“Dude, you know this guy who’s like technically Asian, sort of, but not really — like he’s white but he’s ‘mixed’ or whatever, so he says he’s Filipino, but … you know?”

A passing glance around the group reminded them that another technically-Asian-sort-of-not-really impostor was also listening, hearing the sounds of people shifting awkwardly in their seats and the quiet hiccup in conversation that ensued; all deafening reminders that I wasn’t meant to be there, even though this was my Filipino “family.” I was an afterthought, the object of tardy acknowledgment and delayed acceptance. 

I have, however, found myself somewhat more secure with older generations of Filipinos — often immigrants — who I have met around campus. Rather than tip-toeing around my identity, they confront it without shame. Instead of wearily avoiding comments that erase my Asian-ness, they actively find ways to reinforce it, even if that means awkwardly inspecting all of my physical features to do it. The exchange is relatively the same, and looks something like: 

Me: “Are you Filipino, too?”
Them: “Yes, I am! Are you — mixed, huh?”
Me: “Yeah, I am.”
Them: “Oh — you know — Filipino noses — (pulls down mask) — you know? Here — let me see —”
Me: (pulls down mask)
Them: “Ahah — yes, you can’t tell by your hair and — (circles face with finger) …
What’s your full name? Oh you’re — you’re a mestiza. That’s what they call mixed girls like you,” or, “Oh, I think I see it in your eyes a little. Filipino eyes.”

Somehow, their scrutiny feels slightly less tiresome than that of my peers. I think it’s because their efforts are raw and innocent — they’re doing everything they can to prove (even if just to themselves) that I’m one of them, with no secrecy. There’s no timid tension that hangs overhead with a vengeance; I almost feel validated when they try to rationalize my identity, when it’s so clearly unobvious. But I have to confess, the guessing is always a gamble, and its only guarantee is me having to explain myself again and again. Just because eggs are scrambled doesn’t mean there’s no yolk in them. I wish I had a name tag that clarified my convoluted characteristics without having to say a word.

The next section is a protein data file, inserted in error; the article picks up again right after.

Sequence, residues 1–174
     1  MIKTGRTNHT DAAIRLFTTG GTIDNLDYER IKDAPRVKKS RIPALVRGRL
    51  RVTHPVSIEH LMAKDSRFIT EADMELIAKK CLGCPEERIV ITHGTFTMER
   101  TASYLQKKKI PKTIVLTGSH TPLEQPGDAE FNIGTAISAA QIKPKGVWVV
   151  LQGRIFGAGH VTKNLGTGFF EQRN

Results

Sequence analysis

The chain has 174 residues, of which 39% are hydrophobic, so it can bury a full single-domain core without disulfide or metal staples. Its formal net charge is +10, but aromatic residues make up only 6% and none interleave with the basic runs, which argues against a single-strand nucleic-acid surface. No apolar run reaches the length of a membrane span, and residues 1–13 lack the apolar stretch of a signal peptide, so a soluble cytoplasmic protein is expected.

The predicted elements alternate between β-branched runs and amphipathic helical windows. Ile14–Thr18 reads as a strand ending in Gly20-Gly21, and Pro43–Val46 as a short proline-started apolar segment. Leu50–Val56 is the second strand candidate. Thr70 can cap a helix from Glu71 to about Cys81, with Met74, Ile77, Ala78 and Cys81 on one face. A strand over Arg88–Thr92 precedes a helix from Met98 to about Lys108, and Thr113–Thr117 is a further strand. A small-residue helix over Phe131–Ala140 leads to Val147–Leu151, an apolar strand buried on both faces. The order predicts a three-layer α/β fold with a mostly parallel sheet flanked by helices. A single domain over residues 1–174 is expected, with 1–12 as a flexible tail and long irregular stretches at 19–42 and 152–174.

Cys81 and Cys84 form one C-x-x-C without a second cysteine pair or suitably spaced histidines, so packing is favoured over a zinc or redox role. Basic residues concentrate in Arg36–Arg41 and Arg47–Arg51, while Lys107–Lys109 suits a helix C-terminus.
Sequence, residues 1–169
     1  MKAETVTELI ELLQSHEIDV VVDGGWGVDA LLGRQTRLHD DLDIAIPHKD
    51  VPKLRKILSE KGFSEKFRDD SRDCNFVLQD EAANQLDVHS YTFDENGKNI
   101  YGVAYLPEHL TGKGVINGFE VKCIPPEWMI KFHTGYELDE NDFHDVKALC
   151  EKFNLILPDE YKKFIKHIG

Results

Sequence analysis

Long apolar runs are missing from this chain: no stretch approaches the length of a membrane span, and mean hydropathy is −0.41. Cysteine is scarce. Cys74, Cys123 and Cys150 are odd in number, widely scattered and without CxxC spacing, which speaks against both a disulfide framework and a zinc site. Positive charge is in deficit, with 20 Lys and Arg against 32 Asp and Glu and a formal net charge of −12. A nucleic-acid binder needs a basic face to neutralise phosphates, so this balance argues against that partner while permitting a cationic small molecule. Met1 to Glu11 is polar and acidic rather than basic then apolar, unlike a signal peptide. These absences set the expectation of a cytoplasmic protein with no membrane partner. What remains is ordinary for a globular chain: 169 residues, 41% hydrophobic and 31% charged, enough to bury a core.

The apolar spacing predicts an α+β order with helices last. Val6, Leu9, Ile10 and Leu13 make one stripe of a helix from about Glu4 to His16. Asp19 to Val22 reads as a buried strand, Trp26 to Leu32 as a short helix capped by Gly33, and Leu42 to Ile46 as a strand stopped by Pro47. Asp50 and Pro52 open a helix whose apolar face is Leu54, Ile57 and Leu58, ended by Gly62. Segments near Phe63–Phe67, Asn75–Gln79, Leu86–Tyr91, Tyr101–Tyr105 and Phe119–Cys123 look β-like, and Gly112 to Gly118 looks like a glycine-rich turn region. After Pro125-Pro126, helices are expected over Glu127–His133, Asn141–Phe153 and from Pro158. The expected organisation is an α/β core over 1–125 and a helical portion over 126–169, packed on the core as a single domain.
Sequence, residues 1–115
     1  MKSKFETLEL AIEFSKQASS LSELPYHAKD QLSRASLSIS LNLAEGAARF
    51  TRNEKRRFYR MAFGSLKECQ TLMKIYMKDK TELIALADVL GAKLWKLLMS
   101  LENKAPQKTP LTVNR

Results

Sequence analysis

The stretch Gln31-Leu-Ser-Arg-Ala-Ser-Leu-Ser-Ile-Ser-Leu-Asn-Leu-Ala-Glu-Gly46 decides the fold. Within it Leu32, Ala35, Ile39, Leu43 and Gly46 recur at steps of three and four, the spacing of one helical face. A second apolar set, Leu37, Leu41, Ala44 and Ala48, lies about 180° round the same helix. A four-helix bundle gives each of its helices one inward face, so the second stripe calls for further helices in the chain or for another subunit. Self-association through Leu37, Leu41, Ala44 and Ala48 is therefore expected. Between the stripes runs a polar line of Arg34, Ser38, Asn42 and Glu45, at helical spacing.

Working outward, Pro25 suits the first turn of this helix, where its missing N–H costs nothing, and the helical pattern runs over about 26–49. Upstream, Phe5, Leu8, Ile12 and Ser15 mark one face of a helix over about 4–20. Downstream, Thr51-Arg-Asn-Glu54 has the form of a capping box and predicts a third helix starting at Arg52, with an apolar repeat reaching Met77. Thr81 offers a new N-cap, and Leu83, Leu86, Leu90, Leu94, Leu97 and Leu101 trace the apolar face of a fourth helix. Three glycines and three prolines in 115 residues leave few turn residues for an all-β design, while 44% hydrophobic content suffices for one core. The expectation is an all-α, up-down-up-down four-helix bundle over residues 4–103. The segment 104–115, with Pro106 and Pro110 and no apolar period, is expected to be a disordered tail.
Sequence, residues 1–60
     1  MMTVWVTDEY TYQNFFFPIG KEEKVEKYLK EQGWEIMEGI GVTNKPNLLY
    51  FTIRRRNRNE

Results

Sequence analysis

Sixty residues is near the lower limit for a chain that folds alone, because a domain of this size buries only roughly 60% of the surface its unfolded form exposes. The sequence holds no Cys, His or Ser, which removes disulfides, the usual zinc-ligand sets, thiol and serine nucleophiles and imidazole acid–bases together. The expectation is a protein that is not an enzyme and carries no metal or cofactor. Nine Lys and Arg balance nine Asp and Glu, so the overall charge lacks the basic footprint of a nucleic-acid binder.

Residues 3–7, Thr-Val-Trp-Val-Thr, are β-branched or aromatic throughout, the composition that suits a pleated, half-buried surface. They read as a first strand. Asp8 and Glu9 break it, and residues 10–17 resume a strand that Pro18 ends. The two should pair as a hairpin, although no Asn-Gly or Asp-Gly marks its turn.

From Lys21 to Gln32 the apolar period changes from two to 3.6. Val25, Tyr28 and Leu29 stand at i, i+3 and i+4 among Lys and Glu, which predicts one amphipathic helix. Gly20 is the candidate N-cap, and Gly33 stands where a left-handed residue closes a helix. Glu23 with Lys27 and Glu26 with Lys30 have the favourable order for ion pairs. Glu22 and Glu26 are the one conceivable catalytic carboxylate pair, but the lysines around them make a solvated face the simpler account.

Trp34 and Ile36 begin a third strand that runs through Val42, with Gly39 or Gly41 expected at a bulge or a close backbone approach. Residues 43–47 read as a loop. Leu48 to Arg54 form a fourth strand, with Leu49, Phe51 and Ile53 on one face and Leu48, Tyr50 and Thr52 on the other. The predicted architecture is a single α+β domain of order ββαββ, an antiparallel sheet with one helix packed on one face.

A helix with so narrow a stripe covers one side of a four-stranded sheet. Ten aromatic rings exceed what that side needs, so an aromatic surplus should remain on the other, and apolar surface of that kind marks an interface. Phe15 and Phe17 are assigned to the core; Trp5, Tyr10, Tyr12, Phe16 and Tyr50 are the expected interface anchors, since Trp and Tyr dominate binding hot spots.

As I now sit eating my warm, yellow mound of high-protein breakfast, my hand searches for something that used to feel foreign, and before long, I’m dousing my eggs in splatters of ketchup. It only took one bite for me to realize what I had been missing out on. As much as I hate to admit that my dad was right, this culinary pairing is nothing short of a delicacy. Sometimes, the strangest of combinations will surprise you, but you have to embrace them together to experience them as they are. As one might assume from the eclectic, experimental cuisine alone, being Filipino is all about bridging the traditional and not, the classic and new. Despite the skeptics, this half of me is wholly mine, and I hope that we, as a diverse Filipino community, can start to apply our open-mindedness around how we prepare our eggs to embrace our multiracial communities too.

Contact Sonoma Carlos at [email protected].
LAST UPDATED

MARCH 05, 2022